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Oral Hemangiomas (Diagnosis)
eMedicine.com, 2014Considered The diagnosis of hemangiomas is straightforward from the history and the clinical examination, and the differential diagnosis is limited.
For intraosseous lesions, the differential diagnosis can be more challenging, with the radiographic appearance being similar to that of a giant cell lesion or an ameloblastoma.
Workup Laboratory Studies Usually, no laboratory studies are useful in the diagnosis or management of oral hemangiomas.
Imaging Studies Workup of oral hemangiomas requires some form of imaging to determine their extent and flow characteristics.
Angiography is considered the most definitive of the studies, although the angiographic appearance of intraosseous lesions is less well defined than that of soft tissue lesions.
Ultrasonography can be used to determine that a lesion is angiomatous in nature (ie, hemangioma, lymphangioma), but it cannot be used to differentiate a hemangioma from a lymphangioma.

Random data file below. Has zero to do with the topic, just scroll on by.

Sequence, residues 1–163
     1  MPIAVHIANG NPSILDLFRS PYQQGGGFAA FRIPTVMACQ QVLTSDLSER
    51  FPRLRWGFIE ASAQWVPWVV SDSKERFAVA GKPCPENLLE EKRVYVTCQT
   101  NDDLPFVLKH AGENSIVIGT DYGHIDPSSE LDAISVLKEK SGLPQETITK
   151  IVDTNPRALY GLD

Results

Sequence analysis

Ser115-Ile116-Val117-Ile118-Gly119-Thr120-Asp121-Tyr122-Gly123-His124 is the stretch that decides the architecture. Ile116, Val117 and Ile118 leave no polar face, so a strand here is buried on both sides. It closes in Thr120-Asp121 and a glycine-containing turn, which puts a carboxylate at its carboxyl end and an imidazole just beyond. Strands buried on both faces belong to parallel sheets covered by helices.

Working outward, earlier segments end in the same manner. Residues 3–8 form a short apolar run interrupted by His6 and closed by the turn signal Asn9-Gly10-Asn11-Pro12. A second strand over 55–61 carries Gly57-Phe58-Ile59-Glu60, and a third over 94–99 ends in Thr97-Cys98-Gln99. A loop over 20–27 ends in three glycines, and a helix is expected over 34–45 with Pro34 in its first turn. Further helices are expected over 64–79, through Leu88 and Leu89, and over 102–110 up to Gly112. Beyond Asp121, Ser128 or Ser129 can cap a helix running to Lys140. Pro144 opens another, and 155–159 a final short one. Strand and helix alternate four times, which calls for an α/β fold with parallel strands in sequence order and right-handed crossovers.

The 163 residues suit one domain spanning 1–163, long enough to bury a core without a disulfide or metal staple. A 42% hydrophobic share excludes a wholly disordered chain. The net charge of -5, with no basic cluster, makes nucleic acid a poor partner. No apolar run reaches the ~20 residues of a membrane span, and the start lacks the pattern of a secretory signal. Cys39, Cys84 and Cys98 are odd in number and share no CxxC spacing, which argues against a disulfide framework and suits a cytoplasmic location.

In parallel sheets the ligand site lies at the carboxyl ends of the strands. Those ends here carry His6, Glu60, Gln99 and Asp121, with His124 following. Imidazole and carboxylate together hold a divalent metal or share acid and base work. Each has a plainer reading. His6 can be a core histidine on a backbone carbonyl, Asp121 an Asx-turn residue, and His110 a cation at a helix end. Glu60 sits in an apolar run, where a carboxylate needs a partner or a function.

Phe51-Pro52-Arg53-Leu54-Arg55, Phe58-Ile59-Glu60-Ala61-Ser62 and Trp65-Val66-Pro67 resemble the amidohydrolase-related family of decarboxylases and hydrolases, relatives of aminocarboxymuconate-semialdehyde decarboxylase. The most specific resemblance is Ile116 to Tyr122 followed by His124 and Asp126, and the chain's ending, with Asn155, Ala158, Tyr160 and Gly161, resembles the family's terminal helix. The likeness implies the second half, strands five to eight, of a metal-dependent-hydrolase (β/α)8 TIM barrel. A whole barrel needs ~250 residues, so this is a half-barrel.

Contrast-enhanced MRI can be used to differentiate a hemangioma from a lymphangioma in the oral cavity.
On plain films or panoramic radiographs, a central vascular malformation of the bone usually has a honeycombed appearance or cystic radiolucencies.
Intraosseous vascular malformations show a nonspecific reticulated or honeycombed pattern that is well demarcated from normal bone.
CT scans often show an expansile process with a high-density amorphous mass that may be suggestive of fibrous dysplasia.
Procedures Procedures other than a clinical history or examination, including aspiration of intraosseous lesions, that are used to diagnose oral hemangiomas readily produce frank blood.